Accurate and comprehensive completion of systems and controls questionnaires is essential to enable the Exchange to assess the adequacy of a firm’s controls. Failure to do so may constitute a breach of, for example, Exchange Rules 1210 and 1211 and LSEDM Rules 1.1.39 and 1.1.40. Furthermore, in the event of erroneous order entry by a member firm or its DEA client, where one has been completed, the Exchange will consider the firm’s responses in its systems and controls questionnaire and any discrepancies between the responses provided and the actual controls in operation will be taken into consideration by the Exchange in deciding whether to take disciplinary action against the firm. The Exchange recently took disciplinary action against a member firm for providing inaccurate information in a systems and controls questionnaire.


Updating the Exchange on changes to a member firm's profile and its compliance officer(s) contacts

It is important for the Exchange to ensure that its member firm records remain up-to-date so that it has access to the correct information in the event of queries and problems.

Changes in authorisation

Exchange Rule 1010 and LSEDM Rule 1.1.2 state that “A member firm must at all times be authorised under relevant United Kingdom, or appropriate overseas legislation, or in the view of the Exchange be otherwise sufficiently regulated, in respect of capital adequacy, and fitness and probity”. Therefore, any changes to a member firm’s authorisation, such as a loss of authorisation or related permissions, must be notified to the Exchange. This notification should be immediate in accordance with Exchange Rule 1050 and LSEDM Rule 1.1.20 which state, that “A member firm shall, immediately upon becoming aware of any circumstances which have, will or may lead to a contravention of any of the rules…notify the Exchange of such circumstances in as much detail as is available to it”. Failure of a member firm to notify the Exchange in such circumstances may result in a breach of this rule by the member firm.  

Membership profile changes

Member firms wishing to change their membership profile have a notification requirement to the Exchange.  Exchange Rule 1051 and LSEDM Rule 1.1.21 state that “A member firm shall notify the Exchange in writing, at least 21 calendar days in advance of the proposed effective date, of any proposed changes to its membership profile”. The Exchange would expect notification of, at a minimum, the following profile changes:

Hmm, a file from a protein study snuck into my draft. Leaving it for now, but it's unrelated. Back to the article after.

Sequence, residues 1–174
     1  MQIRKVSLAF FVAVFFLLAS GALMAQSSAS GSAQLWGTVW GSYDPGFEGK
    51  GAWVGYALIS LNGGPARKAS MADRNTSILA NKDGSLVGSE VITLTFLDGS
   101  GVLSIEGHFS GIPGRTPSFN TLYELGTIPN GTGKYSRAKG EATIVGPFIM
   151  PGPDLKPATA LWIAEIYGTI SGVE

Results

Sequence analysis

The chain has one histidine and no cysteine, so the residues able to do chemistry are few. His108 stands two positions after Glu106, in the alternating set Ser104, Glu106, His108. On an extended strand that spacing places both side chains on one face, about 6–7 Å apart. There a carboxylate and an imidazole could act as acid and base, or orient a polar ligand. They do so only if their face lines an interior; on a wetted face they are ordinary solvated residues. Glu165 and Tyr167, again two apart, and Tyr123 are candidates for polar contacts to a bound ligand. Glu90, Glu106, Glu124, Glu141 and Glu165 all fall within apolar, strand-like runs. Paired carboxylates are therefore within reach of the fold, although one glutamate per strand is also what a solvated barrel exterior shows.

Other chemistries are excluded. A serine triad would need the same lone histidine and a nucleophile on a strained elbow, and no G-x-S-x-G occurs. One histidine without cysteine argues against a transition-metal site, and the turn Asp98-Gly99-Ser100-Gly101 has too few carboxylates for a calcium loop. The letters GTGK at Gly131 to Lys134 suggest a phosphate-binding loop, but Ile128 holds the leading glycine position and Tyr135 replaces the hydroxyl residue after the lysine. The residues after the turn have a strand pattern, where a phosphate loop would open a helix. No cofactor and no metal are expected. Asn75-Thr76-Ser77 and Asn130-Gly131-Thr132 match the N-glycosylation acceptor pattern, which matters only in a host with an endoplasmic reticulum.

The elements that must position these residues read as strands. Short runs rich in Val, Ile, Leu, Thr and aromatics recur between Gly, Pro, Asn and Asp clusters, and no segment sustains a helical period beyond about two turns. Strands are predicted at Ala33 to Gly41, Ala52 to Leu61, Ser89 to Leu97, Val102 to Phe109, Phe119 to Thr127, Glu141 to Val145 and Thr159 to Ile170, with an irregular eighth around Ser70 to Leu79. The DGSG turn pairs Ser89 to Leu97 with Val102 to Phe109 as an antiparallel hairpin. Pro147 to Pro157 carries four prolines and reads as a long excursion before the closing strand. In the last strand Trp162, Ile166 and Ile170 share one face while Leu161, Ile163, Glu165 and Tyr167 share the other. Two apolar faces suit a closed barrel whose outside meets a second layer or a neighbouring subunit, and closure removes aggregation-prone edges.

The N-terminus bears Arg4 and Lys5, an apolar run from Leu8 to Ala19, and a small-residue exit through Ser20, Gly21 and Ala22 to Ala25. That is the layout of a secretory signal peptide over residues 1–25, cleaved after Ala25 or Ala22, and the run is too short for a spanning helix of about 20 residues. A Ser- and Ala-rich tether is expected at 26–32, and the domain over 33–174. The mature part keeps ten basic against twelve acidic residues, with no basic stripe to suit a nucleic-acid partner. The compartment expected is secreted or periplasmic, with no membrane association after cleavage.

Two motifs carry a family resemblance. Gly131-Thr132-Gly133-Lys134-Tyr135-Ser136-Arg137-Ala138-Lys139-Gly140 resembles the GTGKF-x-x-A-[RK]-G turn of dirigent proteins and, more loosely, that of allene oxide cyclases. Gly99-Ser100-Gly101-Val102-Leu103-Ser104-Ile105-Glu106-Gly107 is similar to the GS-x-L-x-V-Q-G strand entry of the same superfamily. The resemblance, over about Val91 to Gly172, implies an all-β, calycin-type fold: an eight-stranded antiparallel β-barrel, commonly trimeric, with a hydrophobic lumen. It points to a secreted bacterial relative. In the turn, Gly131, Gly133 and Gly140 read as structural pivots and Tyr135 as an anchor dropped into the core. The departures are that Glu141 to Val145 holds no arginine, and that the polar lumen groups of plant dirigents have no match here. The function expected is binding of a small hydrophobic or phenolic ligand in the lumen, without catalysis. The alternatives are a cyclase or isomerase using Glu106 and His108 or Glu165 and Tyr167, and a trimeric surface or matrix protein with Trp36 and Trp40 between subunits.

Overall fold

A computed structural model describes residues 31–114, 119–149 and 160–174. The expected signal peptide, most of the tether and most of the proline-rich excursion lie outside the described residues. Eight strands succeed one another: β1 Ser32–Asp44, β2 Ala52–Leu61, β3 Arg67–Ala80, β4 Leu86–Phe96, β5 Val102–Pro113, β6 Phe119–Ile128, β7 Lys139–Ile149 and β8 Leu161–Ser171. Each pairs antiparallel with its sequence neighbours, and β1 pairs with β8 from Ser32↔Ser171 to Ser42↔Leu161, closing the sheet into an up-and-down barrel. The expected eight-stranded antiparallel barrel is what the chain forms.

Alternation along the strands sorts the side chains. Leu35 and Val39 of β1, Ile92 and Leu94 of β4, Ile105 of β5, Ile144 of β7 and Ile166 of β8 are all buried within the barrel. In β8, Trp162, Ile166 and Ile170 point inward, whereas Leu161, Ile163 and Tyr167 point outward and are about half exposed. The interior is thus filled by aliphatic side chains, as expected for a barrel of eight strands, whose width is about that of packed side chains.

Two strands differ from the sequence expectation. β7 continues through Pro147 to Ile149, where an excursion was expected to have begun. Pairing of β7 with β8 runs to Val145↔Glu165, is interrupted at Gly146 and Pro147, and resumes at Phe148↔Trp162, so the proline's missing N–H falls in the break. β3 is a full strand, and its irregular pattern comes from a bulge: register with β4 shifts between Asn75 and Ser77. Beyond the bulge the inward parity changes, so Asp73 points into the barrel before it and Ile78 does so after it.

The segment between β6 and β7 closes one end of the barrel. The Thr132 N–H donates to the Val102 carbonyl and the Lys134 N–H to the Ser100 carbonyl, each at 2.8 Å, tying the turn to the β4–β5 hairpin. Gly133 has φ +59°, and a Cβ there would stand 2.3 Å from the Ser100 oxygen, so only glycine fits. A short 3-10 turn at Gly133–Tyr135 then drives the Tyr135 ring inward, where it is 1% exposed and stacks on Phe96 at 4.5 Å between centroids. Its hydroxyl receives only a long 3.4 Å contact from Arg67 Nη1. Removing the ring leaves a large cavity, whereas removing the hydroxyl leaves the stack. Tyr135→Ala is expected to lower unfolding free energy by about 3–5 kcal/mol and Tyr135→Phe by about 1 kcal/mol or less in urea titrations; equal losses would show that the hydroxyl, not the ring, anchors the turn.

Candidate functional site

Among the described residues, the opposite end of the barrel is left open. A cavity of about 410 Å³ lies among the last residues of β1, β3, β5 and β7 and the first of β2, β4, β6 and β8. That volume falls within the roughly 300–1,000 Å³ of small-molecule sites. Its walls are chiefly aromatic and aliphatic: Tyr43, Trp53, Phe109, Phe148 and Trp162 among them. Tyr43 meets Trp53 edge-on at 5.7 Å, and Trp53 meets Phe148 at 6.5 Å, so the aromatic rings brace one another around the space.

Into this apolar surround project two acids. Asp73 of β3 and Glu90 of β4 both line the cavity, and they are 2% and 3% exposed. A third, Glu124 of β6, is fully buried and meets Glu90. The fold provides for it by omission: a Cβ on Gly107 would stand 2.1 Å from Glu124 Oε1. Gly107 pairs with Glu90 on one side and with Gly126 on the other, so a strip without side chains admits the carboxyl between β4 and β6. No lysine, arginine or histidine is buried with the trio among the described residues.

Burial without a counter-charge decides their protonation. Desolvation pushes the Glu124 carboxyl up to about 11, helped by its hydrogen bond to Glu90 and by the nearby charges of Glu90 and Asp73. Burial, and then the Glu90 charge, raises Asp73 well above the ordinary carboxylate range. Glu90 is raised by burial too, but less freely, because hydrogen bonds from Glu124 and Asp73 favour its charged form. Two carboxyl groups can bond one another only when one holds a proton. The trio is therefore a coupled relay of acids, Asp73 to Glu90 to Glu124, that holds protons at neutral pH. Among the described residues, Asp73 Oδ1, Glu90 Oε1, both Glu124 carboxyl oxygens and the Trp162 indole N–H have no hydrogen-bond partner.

• name and address of the member firm;
  • senior executive officer or compliance officer of the member firm;
  • scope of trading activity in relation to on Exchange business, including trading codes;
  • access to the trading system; and
  • scope of settlement and clearing arrangements in relation to on Exchange business, including settlement and clearing codes. 

Advance notification enables the Exchange to manage the associated change in conjunction with the member firm, third party suppliers, central counterparties and central securities depositories.  The Exchange also has a responsibility to ensure that sufficient notice is given to other member firms, where appropriate, by publishing a Member Firm Information Sheet.  A member firm can update its profile by emailing the Membership Team at For queries or matters which require direct assistance, please contact Membership on (020)7 797 1900.

Compliance contacts

The Exchange also wishes to reiterate the importance of member firms informing it of any changes to their compliance staff and contact details.  Exchange Rule 1020.4 and LSEDM Rule 1.1.9 (iv) state that “A member firm must, to ensure compliance with these rules, at all times have …. one or more compliance officers who shall be identified to the Exchange and be competent to advise the member firm and its employees on the application of these rules”. Correct information is essential to enable the Exchange to contact firms in relation to trading issues and also in relation to other matters such as the completion of MCOP systems and controls questionnaires.  Member firms are therefore requested to ensure that they have provided the Exchange with up-to-date compliance contact details.  This can be done by contacting the Exchange’s Market Supervision team at or on (020) 7797 3666, option 2.



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Previous Compliance Updates

Compliance Updates/Regulatory Briefings for 2001 to 2008 are available on request on 020 7797 2190.

Below are the Compliance Updates issued by the Exchange for 2009, 2010 & 2011.

Compliance Update July 2011(pdffile pdf - 121 KB)

Compliance Update October 2010(pdffile pdf - 103 KB)
Compliance Update May 2010(pdffile pdf - 104 KB)

Compliance Update November 2009(pdffile pdf - 91 KB)
Compliance Update July 2009(pdffile pdf - 101 KB)
Compliance Update March 2009(pdffile pdf - 172 KB)


Market Matters articles will not constitute formal Exchange guidance; this will continue to be communicated via Stock Exchange Notices and/or incorporated within the Rules.  Market Matters articles are intended to give examples of the kind of behaviour that the Exchange is focusing on from a regulatory perspective; outline the lessons to be learned from market events or from Exchange disciplinary action; and provide commentary on various aspects of compliance with the Rules and related matters.  

However, the messages communicated in Market Matters should be noted by member firms as the fact that updates and reminders have been published on certain topics could be relevant in the event of a related rule breach.